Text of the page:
Two Swedish articles of note this weekend that I thought I should say something about. Commentary in English about articles in Swedish, hmm. Is it pointless as the readers that only understand English can’t read the original article? I hope not, but perhaps it is. Should I have two separate feeds perhaps or maybe just leave the Swedish stuff alone? Please give me some feedback on this.
Anyway, article time:
Svenska Dagbladet about Society 2.0. Twitter, Flickr and all that. Also mentions Superlocal that I met the other day. The article is a good summary for people that have no idea this is going on, and presents it as a sociological phenomenon, which it of course is.
Erik has excellent and insightful comments about why micro is micro, and if perhaps it would have been different if it could have been. Good point indeed, the technical limitations of sms and similar stuff will have that effect. No different from printing really, when you think about it. The length of printed articles are highly correlated to the size of the magazine, and the way it is edited. But when this becomes standard practice, our expectations follow suit and we want the articles in that format to feel secure. Same thing with sms/im/jaiku if you ask me. It started as a limitation, now it’s just a form of communication that people feel at ease with.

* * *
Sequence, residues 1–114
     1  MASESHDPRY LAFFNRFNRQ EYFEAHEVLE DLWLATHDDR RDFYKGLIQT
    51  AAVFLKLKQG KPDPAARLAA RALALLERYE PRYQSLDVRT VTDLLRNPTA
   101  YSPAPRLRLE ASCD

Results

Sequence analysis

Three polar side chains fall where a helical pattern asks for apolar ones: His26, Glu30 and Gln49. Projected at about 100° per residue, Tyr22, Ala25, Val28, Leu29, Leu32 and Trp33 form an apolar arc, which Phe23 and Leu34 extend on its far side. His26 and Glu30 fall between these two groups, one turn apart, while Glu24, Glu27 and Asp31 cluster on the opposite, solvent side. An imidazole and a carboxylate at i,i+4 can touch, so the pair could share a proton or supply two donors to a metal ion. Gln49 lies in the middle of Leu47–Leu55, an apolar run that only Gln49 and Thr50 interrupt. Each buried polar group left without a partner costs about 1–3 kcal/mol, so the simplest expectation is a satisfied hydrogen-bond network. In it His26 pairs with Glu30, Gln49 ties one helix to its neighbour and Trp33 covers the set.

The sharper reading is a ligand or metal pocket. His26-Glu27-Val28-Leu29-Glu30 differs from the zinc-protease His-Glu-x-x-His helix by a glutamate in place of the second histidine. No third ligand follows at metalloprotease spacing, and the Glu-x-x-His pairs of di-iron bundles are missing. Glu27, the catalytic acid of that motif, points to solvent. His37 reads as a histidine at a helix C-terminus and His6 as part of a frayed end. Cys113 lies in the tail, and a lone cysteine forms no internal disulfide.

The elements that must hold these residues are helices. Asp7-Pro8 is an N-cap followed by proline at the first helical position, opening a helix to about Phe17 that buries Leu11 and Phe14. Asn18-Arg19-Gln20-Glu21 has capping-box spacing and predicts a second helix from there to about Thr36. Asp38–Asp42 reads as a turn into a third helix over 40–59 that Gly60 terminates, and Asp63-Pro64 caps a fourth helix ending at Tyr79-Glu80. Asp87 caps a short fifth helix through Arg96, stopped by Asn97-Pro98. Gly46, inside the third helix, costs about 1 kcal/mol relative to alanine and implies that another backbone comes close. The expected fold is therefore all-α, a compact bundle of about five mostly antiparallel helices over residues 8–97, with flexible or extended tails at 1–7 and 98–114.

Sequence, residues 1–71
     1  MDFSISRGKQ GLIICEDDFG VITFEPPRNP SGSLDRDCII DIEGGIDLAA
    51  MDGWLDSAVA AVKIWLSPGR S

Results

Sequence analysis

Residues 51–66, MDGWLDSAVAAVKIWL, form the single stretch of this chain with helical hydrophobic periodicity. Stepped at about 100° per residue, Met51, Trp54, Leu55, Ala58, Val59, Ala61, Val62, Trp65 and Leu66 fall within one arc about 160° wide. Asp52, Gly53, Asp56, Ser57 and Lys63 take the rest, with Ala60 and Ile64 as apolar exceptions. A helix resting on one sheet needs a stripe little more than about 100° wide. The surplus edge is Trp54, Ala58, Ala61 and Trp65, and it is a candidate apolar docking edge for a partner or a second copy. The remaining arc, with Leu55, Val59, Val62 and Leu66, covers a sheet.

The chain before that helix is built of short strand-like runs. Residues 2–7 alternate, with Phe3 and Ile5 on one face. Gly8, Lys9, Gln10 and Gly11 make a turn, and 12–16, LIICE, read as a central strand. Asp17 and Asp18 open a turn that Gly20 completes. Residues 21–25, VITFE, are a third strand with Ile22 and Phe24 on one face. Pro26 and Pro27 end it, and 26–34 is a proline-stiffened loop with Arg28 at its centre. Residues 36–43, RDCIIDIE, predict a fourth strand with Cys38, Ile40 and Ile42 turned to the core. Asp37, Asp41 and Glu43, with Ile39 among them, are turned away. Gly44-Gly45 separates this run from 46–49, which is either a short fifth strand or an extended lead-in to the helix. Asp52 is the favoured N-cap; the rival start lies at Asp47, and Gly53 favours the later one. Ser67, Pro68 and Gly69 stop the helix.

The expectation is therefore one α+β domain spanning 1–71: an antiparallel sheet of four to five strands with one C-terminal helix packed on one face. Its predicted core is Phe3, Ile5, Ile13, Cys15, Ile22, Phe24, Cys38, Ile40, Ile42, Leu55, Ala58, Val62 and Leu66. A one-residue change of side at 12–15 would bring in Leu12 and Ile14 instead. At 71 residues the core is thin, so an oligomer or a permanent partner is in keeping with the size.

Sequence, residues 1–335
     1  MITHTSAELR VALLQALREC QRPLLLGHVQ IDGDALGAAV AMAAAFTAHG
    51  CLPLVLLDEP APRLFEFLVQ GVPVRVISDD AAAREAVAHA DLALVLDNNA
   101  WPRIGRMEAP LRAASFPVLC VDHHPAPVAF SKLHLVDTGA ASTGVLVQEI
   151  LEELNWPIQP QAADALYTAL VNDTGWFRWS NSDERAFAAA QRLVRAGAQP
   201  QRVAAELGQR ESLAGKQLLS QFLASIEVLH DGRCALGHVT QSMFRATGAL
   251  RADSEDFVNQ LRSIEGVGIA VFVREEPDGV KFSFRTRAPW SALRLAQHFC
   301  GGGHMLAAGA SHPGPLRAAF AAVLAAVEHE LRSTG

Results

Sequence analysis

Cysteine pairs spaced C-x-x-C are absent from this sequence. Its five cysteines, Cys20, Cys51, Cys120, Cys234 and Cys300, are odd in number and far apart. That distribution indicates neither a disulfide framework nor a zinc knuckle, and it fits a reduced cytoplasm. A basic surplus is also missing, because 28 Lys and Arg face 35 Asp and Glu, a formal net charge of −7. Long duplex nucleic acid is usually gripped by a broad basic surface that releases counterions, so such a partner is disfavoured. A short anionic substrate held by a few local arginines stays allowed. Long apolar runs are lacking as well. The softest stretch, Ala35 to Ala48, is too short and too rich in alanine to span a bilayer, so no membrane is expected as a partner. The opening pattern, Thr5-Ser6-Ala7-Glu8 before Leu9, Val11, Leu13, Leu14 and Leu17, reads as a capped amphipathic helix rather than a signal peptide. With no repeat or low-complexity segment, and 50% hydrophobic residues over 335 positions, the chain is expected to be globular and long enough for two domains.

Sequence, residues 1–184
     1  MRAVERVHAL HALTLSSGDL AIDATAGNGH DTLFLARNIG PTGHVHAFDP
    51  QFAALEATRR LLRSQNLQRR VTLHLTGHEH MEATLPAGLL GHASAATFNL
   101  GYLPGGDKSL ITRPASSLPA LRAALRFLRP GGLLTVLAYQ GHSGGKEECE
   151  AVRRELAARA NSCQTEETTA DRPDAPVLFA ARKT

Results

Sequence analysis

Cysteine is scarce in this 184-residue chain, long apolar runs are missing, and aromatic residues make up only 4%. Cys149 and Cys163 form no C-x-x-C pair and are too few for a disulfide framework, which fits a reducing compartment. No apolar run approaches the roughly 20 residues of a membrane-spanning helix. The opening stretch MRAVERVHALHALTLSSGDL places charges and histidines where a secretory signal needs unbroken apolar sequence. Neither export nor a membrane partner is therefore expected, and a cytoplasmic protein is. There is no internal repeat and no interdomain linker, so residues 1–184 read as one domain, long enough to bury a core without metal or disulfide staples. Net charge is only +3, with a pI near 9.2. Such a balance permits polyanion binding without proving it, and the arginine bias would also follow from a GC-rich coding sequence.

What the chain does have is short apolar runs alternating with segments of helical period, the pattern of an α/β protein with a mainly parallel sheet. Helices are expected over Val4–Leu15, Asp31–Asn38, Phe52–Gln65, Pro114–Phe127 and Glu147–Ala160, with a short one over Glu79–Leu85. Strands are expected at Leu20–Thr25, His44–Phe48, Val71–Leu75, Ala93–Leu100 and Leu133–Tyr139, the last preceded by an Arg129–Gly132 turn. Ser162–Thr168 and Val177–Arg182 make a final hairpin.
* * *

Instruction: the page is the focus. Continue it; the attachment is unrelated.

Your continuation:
The second article is from Expressen, and about Second Life. It’ amazing how many people are getting things wrong regarding this – it’s almost as if it’s meta-cool to hate on SL for being hype, rather that actually analysing what is being done – and what can be done. And what it is a sign of, as well.
The article quotes one of my clients, Anders Olofsson at Sydsvenskan. He says that Second Life might not even be around in a few years time. What they don’t quote him on, but that I’m pretty sure that he said, is that it might be replaced by something else, but that the trend of the internet becoming 3D in many aspects is substantial. That didn’t make the cut apparently. It’s not important whether Second Life is around or not, websites don’t look the same today as they did 1995 either. But there was value in being online then anyway. You learned stuff. About behaviour, expectations and people. Don’t even get me started on the PR value this has had – let’s see you get that for 400 000 SEK any other way.
Porn and gambling they say. True. But seen from a biz perspective – this is a good thing, because it means there is business to be made here. Those types of businesses tend not to chose communication channels for the mere sociological value. These are the two industries that were on the forefront with the internet, DVDs and mobile phones. They understand business models, no matter what one might think about them from a moral point of view.
The internet was, and still is, riddled with porn. This doesn’t mean that there’s nothing of value in virtual worlds for regular companies and brands. Quite the opposite.